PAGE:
Sniffles don't stop dedicated exercise fanatics

Some say they even feel better, but serious illness requires rest

Health & Fitness

April 25, 2004|By Karen Nitkin | Karen Nitkin,Special to the Sun

Lisa Beckerman, 37, a sales manager at Verizon, works out under the guidance of a personal trainer six mornings a week.

She's been a dedicated exerciser since 1992 and has been training with Bryan Lewinski, owner of Home Groan Fitness, for more than two years. "I'm very conscientious about my health and also my weight," says the Baltimore resident.

And she's not about to let a little thing like a sniffle get in the way of her cardio and weight-lifting regimen.

"If I had a cold, I would work out," she says. "I would probably always work out, unless I had a fever."

Al Greuter of Columbia, a runner with the Howard County Striders, also exercises when he's feeling sneezy. Sometimes, the exercise makes him feel better, "but there are times," he says, "when I've gone out and gone a half-mile from home and said, 'Forget this.' "

With the weather finally warming, many people are starting exercise routines or ratcheting up their winter regimens. All over the region, bicycles are being repaired, sneakers are coming out of mothballs and tennis rackets are being re-strung.

But what's a devoted exerciser to do when the springtime allergies or sniffles strike? Is it a good idea to exercise with a cold or the flu, or does it make more sense to wait until the symptoms disappear?

As Beckerman and Greuter know, it's OK to exercise with a cold, as long as you listen to your body and stop if you feel lousy. But working out when you have a more serious illness can be a big mistake, experts say.

You can work out if you have a cold, but you should not work out if you have the flu," says Lewinski, the Pikesville trainer who works with Beckerman. He explained that the micro-tears in muscles that are the natural result of resistance training can make achy flu muscles that much achier.

On mornings when you feel less than 100 percent, a simple check can help you decide whether to lace up those sneakers.

If the illness is above the neck -- watery eyes, runny nose, scratchy throat or cough -- the sneakers get tied. But if it's below the neck -- achy joints, fever, or upset stomach -- go ahead and hit the snooze button.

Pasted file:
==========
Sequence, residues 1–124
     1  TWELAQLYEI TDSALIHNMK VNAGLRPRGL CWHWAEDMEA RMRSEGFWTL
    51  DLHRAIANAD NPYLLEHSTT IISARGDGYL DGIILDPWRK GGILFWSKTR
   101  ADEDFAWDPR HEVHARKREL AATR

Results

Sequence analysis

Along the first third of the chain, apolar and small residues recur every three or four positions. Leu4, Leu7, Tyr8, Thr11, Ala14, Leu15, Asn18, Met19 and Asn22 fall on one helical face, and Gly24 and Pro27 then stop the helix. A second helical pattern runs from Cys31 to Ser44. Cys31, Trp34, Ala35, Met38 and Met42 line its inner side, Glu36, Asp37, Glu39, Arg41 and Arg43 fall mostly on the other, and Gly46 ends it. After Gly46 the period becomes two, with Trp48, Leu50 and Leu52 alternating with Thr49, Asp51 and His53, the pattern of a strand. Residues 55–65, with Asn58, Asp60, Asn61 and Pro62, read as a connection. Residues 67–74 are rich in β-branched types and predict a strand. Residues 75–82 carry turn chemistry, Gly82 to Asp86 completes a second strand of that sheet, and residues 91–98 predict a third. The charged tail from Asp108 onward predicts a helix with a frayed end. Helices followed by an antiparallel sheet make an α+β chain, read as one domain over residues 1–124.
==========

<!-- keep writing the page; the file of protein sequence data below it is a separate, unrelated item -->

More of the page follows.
Allergy symptoms typically fall above the neck and would usually indicate a green light for exercise, according to Randy Toth, an athletic trainer who works at Union Memorial Sports Medicine Clinic in Timonium.

Mild exercise may actually help some people get over a cold. After you've decided to exercise, start slowly, he advises. "Participate for 10 minutes at mild to moderate intensity. ... If your symptoms have subsided, go ahead."

If you feel worse, stop. Lewinski says he teaches his clients "to listen to their bodies. If they're getting sick and getting muscle cramping and soreness, I would tell them to cancel the appointment. Usually that's a sign that they're getting the flu or something like that."

Exercise for people with respiratory infections can bring on coughing, wheezing and bronchial spasms. If those symptoms appear, Toth advises taking time off from exercise.

And although it would be OK to work out with a cold, a person with a cold is likely to breathe through his or her mouth, increasing chances for dehydration. Being well hydrated is always important, but especially so when you are under the weather.

"If you're sick in the summer and then you go out and run, that compounds dehydration and can set you up for a heat stroke," Toth says.

In some cases, Toth notes, exercise can suppress the immune system, making it difficult for the body to fight illness. Taking a few days off to recuperate may be more beneficial than powering through a workout only to have an illness linger for weeks.

"Chances are, if you [exercise] at a higher intensity, you may be setting yourself back," he explains.

For many athletes, the pressure to train for a big event such as a marathon or triathlon keeps them working out and slugging Gatorade when they ought to be in bed slurping chicken soup.

Dwight Galt, director of strength and conditioning for University of Maryland, College Park, works with some 700 athletes at the school and says he "constantly" deals with kids who insist on playing when they don't feel well.

In most cases, athletes with colds will play, Galt says. "If you've got a common cold, something like that, usually we're going to plow through it."

But won't a kid with a cold play worse?

Not necessarily, Galt says. In many cases, the sheer mental toughness of the athlete may compensate for any reduction in athletic prowess. However, an athlete on antibiotics is likely to be sidelined, Galt adds.

"That means they have an infection they're trying to fight," he says. "Excessive athletic activity will hurt their ability to fight it. If the kid's got a 24-hour illness, then we turn it into a 72, that's not to anybody's benefit."

Dedicated exerciser Beckerman believes her devotion to physical fitness has kept her cold-free for many years. "It's been a long time since I've been really sick," she says. "If I feel like I'm getting a cold, I just continue with my routine and it goes away."

Use your head, literally

Should you exercise if you're under the weather?

According to trainers and others in the medical community, if you aren't feeling well, you can still work out if:

* Your symptoms are "above the neck" and are limited to a runny nose, sore throat or itchy eyes.

* After a few minutes of moderate exercise, your symptoms recede.

Don't exercise if:

* Symptoms are "below the neck" and include body aches, stomach problems or respiratory difficulties.

* After a few minutes of exercise, you feel worse.

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